January 8, 2003
Author: John Balestrieri
Remember HyperCard? One of the things I loved best about it was the quality of the graphics. HyperCard only supported 1 bit (black & white) graphics, but the dithering algorithm used by its users to convert continuous tone photos to black & white had a rich, velvety quality that I found really appealing:
This dithering was produced by Apple’s HyperScan software — basically a HyperCard stack with an XCMD to drive an Apple scanner — written by the legendary Apple engineer, Bill Atkinson.
HyperScan’s dithering technique is much superior to currently available options, such as those available in PhotoShop:
On the left, Floyd-Steinberg Dithering (used by QuickTime, PhotoShop).
On the right, Atkinson Dithering (used by HyperScan).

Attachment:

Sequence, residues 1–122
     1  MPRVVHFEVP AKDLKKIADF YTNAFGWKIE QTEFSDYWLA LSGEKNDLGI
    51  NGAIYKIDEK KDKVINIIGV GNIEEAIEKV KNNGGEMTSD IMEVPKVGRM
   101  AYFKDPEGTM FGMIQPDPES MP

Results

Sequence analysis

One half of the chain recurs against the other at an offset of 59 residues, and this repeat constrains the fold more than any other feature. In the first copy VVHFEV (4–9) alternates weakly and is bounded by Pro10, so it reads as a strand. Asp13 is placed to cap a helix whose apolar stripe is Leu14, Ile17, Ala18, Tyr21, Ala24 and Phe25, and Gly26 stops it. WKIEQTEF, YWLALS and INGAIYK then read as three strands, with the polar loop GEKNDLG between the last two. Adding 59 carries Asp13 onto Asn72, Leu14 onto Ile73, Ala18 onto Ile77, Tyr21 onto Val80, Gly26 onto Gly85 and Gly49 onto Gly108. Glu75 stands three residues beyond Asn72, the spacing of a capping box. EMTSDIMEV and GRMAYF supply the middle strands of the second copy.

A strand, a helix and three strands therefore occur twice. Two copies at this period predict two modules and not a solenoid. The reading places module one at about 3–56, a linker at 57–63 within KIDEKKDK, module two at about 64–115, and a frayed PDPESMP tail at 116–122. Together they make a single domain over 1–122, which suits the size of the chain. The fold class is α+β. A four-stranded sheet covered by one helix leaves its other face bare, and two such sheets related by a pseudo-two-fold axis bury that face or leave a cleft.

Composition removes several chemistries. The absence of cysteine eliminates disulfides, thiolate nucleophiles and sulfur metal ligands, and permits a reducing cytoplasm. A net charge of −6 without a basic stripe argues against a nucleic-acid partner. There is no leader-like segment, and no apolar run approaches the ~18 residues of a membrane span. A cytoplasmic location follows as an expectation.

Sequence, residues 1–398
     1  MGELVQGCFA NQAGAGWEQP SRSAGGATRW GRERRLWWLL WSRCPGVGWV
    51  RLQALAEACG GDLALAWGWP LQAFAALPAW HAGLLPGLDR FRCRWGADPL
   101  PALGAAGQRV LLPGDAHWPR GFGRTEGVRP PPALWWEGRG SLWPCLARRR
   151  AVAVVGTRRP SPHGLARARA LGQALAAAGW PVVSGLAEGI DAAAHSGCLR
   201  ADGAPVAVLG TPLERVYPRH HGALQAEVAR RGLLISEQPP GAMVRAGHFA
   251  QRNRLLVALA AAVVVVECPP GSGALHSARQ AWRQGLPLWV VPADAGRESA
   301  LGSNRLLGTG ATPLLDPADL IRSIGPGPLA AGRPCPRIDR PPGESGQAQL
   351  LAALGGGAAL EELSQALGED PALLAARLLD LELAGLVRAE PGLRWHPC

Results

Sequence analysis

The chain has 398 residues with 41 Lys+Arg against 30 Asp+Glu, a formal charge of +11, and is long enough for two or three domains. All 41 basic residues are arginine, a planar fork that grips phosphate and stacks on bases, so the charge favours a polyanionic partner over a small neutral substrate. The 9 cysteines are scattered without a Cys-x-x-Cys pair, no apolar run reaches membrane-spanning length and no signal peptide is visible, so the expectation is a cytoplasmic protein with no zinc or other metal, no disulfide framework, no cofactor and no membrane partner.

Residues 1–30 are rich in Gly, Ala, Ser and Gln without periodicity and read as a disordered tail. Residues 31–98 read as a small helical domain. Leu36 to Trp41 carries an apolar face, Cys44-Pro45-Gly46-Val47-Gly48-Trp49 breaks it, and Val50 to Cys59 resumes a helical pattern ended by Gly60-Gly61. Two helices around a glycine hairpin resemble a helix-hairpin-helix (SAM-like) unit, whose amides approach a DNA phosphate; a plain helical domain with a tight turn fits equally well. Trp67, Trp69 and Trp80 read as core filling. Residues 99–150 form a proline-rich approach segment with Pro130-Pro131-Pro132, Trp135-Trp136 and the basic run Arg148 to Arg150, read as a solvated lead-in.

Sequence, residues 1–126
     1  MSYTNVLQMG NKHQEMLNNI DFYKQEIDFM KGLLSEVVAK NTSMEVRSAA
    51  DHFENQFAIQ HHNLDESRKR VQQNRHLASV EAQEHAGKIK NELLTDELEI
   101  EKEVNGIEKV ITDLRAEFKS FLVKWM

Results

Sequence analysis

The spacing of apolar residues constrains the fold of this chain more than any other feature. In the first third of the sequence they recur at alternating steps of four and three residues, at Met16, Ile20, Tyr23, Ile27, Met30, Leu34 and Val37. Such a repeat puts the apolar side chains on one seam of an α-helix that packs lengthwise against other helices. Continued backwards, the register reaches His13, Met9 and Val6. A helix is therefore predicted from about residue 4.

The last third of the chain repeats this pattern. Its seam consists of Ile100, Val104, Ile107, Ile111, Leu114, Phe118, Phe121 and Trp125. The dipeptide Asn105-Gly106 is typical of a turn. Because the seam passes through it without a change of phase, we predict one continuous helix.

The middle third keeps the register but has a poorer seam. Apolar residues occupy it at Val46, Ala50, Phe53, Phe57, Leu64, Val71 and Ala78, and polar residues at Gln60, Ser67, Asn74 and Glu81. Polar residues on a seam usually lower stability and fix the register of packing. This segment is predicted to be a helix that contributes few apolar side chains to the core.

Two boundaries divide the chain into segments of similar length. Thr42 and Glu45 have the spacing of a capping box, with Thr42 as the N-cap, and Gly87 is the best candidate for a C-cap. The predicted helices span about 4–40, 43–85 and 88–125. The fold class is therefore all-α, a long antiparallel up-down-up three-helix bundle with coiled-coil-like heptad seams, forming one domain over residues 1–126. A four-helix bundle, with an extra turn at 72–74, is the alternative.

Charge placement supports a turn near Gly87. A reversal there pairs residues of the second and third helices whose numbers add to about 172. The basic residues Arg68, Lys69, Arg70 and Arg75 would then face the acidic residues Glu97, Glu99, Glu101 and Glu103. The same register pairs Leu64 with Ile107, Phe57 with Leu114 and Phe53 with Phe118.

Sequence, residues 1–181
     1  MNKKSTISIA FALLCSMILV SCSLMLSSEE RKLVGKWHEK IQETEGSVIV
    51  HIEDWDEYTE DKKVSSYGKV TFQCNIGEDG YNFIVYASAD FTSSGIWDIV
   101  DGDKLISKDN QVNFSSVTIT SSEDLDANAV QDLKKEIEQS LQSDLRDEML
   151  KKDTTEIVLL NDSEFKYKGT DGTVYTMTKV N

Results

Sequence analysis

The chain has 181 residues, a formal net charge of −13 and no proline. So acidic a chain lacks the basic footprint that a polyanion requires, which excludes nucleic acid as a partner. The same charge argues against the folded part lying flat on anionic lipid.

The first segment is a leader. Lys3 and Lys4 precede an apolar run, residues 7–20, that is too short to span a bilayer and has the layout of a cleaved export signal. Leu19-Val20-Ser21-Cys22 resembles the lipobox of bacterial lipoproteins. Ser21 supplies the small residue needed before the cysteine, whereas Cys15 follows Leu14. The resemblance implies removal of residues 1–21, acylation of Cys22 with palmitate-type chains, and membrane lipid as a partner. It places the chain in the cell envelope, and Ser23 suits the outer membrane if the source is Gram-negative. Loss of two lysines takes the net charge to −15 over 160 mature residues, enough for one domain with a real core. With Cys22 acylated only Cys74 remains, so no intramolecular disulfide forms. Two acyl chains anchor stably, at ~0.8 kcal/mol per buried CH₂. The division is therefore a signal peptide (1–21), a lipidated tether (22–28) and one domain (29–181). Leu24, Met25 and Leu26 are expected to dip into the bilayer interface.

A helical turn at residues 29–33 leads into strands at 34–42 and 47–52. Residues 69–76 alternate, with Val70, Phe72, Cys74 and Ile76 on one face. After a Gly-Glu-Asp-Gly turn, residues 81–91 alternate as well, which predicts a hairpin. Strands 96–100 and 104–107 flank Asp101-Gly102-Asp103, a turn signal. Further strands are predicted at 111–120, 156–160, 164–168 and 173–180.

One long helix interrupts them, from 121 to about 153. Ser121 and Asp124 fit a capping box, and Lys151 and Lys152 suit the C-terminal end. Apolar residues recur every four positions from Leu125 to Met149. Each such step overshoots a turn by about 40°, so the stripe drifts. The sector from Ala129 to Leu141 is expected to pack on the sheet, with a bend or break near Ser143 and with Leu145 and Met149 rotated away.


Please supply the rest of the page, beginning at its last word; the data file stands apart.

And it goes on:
As you can see, there is a clarity to the dithering on the right that lets you “see through” into the image.
HyperScan is the only commercial product I know of that implemented this dithering routine. I was eager to get my hands on the algorithm for many years and had tried emailing Bill Atkinson in the past. Persistence eventually paid off and Mr. Atkinson kindly provided me with the details of his algorithm. In brief:
- Start with a standard stochastic dithering algorithm.
- Propagate only 3/4 of the total error term.
- Propagate the error to the neighbors as follows: